A meeting room can be a board room but a board room isn’t just any meeting room. If you would like to know what the differences are between a normal meeting room and a board room, then stick around. We have thought about this long and hard. A board room is tense, it’s serious and it’s only for a select few. A meeting room can be all of these things but a little bit more. Maybe this is why we often don’t see the need to install a boardroom in our own offices. This should hopefully change your mind.
Mics and no mics
Boardrooms have microphones in front of every member. This is because boardrooms are often large, with huge tables. With the air conditioning running and chatter around the room, it pays to have a microphone in front of you.
In meeting rooms, there is no microphone. Everyone has to be quiet, and let one person speak at a time. The tables are usually generic, not that special and they are pretty much the same around the building.
Chairs and comfort
In a boardroom, there are executive chairs. The board might be sitting for several hours without budging. Lunch and even dinner might be brought into the room as it pays to keep everyone in the same place until serious issues are resolved.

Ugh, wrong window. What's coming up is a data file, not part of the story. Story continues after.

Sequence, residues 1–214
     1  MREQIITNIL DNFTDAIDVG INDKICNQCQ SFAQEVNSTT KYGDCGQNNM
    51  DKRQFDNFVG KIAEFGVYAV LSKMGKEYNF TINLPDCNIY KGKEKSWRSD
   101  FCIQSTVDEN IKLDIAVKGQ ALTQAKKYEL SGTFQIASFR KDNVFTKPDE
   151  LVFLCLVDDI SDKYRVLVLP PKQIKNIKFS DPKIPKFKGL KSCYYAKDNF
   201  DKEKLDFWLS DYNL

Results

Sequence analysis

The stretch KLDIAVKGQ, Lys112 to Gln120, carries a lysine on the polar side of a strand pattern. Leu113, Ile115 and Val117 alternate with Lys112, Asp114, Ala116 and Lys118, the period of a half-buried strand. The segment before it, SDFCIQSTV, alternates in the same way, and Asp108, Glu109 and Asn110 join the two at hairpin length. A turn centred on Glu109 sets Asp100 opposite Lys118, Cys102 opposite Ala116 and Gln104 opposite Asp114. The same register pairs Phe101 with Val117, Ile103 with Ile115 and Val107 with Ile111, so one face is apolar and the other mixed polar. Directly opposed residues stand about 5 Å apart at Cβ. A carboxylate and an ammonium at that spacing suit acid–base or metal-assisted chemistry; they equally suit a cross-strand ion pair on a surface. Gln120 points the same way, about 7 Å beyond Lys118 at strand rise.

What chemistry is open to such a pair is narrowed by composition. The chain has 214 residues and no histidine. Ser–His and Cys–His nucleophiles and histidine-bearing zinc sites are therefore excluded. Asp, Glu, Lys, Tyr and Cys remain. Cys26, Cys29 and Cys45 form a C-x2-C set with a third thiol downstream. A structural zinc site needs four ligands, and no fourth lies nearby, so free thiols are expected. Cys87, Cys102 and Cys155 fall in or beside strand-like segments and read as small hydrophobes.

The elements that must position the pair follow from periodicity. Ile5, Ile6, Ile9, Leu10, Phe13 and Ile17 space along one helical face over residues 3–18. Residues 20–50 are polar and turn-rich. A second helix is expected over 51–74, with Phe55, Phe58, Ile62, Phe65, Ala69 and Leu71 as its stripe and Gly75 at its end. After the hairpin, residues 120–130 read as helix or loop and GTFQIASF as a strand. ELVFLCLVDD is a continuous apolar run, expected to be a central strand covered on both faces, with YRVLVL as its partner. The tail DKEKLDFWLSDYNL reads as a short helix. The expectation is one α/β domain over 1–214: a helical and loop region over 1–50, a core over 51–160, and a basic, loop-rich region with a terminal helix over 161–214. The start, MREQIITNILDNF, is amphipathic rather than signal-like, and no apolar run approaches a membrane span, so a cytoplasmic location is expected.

For a meeting room, you will have simpler chairs but there may be more room for your legs as you won’t be always sitting at a table.
The boardrooms that Infassure builds have excellent presentation tools. Whether it’s a dropdown screen or perhaps a virtual whiteboard that can be used quickly to solve problems, zoom in on maps and generally help speed up things.
A meeting room might have a screen but it is generally going to be simpler. You may find that in a meeting room, a metal stand and A3 paper pads are used to convey messages and understand complex issues instead.
Your average boardroom will have privacy. It will be accessible only to a select few people. It might have a password or special key, and it usually will have walls or glass that is opaque. Valuable things are being discussed and prying eyes are not welcome.
For a meeting room, it’s probably not going to be very private. It’s a room that could double as a lunchroom, or maybe where equipment is left and stored. Meeting rooms can sometimes share the same glass executive rooms use i.e. frosted.
The c-suite, board, internal audit and the second line of defense i.e. risk, are the only teams to have access to the boardroom. It’s pretty easy to understand why, as sensitive reports are sent and received from this room.
Most people in the business have access to meeting rooms. These rooms might be in the middle of the office floor, only blocked off by glass panes. Everyone can come and go from these rooms.
Now that you know the difference, it should be clear the advantages of having a boardroom for your top teams.